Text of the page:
617/618UL Big Bore Option

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Armilite

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I saw this AD on FB the other day where a guy put 670, 78mm Cylinders on a 617. So (78mm x 68mm) 650.1cc. 670's have been Big bored to 82.5mm. (82.5mm x 68mm) 727.3cc. Not sure yet what all he did to accomplish this. You have the (617) 76mm vs (670) 78mm Bore, the (617) 68mm vs (670) 70mm Stroke, different Top Rod Bearings, and (617) 125mm Rods vs (670) 132mm Rods. Skidoo 521's and 617's were all Provision 4 Cases. Would be a better setup if he could have put a 617 Crank in a Provision 8 Case. He has a Good Price on them. Stock 582UL (65hp), Stock 618UL (73.4hp), Stock 670 (95hp). Lots of 580/582/583/582UL Provision 8 Cases out there.

Has anybody ever done one of these conversions?
 

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Armilite

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617/618 Pistons come in 0.080" Over Bore. I have seen years ago a 79.4mm Big Bore Piston for the 580/582/582UL/583, 617/618. I don know if they used a new sleeve or just overbored the Stock sleeve. Wiseco made the Piston. A 580/617 Big Bore (79.4mm x 64mm) 634.0cc and (79.4mm x 68mm) 673.6cc. Rotax Rick's 670 669.2cc makes [email protected] Most Stock Sleeves can be Bored +2mm. You need a minimum 2mm Wall per Dave from LA Sleeve. So Measure your Cylinder Sleeve OD and minus 4mm and that will give you its Max Bore.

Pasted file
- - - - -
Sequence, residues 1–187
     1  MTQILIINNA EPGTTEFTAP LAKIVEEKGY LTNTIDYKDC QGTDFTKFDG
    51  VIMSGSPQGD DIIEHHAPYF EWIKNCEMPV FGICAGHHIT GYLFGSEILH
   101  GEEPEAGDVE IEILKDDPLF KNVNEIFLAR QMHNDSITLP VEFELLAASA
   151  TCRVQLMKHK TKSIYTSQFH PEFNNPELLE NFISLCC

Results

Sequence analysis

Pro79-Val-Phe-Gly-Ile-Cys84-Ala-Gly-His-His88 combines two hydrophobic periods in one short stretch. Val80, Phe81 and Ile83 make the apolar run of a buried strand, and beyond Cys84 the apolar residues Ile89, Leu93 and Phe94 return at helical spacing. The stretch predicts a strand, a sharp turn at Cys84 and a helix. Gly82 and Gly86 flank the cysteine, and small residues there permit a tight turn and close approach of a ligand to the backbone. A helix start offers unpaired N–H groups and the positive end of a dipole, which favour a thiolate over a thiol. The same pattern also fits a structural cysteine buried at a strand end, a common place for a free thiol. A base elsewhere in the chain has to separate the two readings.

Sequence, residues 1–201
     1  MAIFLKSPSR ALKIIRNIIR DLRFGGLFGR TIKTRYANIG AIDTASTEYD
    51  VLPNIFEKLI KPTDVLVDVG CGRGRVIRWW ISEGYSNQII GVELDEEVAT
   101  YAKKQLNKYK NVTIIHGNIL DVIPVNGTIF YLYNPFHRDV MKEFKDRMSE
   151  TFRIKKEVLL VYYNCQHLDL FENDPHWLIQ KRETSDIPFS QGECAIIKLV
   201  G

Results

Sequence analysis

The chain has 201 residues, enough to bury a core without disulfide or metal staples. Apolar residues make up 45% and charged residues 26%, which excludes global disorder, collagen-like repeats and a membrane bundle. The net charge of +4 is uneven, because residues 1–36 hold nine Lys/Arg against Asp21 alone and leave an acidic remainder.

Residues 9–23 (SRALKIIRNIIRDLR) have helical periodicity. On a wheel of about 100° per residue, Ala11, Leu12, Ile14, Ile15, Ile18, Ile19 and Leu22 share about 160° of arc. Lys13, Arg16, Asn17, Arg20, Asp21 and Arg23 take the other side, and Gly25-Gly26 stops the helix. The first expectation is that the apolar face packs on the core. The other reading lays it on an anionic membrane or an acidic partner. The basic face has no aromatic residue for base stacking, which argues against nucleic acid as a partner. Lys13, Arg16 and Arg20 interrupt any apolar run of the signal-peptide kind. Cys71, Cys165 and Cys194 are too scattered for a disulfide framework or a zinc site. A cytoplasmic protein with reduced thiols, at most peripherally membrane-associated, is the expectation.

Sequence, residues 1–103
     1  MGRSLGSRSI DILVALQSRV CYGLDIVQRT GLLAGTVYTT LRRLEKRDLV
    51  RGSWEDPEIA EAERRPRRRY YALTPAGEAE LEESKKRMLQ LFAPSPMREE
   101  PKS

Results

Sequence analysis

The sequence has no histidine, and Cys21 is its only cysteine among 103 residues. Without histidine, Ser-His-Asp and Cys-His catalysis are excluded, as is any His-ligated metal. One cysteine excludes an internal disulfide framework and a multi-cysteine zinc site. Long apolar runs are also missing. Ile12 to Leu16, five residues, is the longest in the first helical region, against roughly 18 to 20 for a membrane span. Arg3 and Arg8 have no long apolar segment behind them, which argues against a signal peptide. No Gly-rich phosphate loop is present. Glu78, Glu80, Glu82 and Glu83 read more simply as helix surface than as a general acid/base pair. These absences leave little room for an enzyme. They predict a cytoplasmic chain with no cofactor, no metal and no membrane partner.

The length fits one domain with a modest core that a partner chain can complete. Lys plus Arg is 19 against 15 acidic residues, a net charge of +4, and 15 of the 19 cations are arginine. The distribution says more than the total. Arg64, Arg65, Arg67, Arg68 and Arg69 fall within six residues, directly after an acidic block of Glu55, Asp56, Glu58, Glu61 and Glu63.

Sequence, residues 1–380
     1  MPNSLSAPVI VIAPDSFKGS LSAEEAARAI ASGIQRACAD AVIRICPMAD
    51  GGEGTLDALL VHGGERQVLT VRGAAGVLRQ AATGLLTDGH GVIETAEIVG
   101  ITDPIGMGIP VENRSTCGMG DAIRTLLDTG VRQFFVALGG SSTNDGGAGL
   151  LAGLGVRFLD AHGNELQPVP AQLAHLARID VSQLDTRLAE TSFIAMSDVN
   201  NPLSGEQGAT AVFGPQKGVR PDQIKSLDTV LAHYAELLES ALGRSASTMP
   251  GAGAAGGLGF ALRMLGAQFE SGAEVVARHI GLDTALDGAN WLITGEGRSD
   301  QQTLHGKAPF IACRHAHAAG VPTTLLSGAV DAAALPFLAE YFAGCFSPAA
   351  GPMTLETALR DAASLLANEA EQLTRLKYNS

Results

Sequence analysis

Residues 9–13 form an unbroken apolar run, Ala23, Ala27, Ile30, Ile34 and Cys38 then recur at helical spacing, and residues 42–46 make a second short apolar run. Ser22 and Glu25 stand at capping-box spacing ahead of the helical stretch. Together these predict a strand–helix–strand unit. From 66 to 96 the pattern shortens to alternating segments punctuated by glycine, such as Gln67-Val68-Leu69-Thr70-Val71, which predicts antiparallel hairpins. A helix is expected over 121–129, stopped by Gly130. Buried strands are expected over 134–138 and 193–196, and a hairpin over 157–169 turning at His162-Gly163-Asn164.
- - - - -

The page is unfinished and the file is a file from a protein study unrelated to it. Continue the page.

I know you can put 580 76mm Sleeves in 521/532UL Cylinder.

132mm Rod minus 125mm Rod = 7mm Difference. One fellow said they just Mill the bottom of the 670 Cylinder to lower it to put Piston Top at TDC. I would think you would have the Port Height to contend with also unless the Piston has different Heights. 2mm = 0.07873992".

Many other Brand Name Sled Engines used the same 18x22x22 Bearing. Arctic Cat had some 81mm Big Bore Pistions.

One option might be to rebuild the 617 Crank using 670 Rods and use the 670 Cylinders as is then you would have more Piston options.
 

WonderousMountain

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Doing the math on 78-68 Blueprint comes under 650cc if there is ever a situation you need to know. My 63-52 4cyl model comes tp +648cc w/18cc chambers. So essentially the same size. It would be better to use great sleeves so no loss in compression over a reasonable time period. Rods should not matter & Pistons can be the ones best suited to it. Trying to match the original seems folly.

Hope it works out,
CK LouPai
 

Armilite

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Doing the math on 78-68 Blueprint comes under 650cc if there is ever a situation you need to know. My 63-52 4cyl model comes tp +648cc w/18cc chambers. So essentially the same size. It would be better to use great sleeves so no loss in compression over a reasonable time period. Rods should not matter & Pistons can be the ones best suited to it. Trying to match the original seems folly.

Hope it works out,
CK LouPai
=====================

Yes, you're talking about a Twin 650.1cc vs your 648.6cc, 4 Cylinder. Rotax used 11.5cr on all of its Water Cooled Engines.

The Rods used do matter account they are 125mm vs 132mm and use different Top Bearings. So Stroke affects Port Timing, hence Piston Height to the Ports will be different. You can Machine the Cylinder Base to lower it for the Shorter 125mm Rod, but you still have the difference in Port Height. You can Machine the Piston with a Ramp where the Port is to accommodate that 2mm/0.07873992" difference if needed.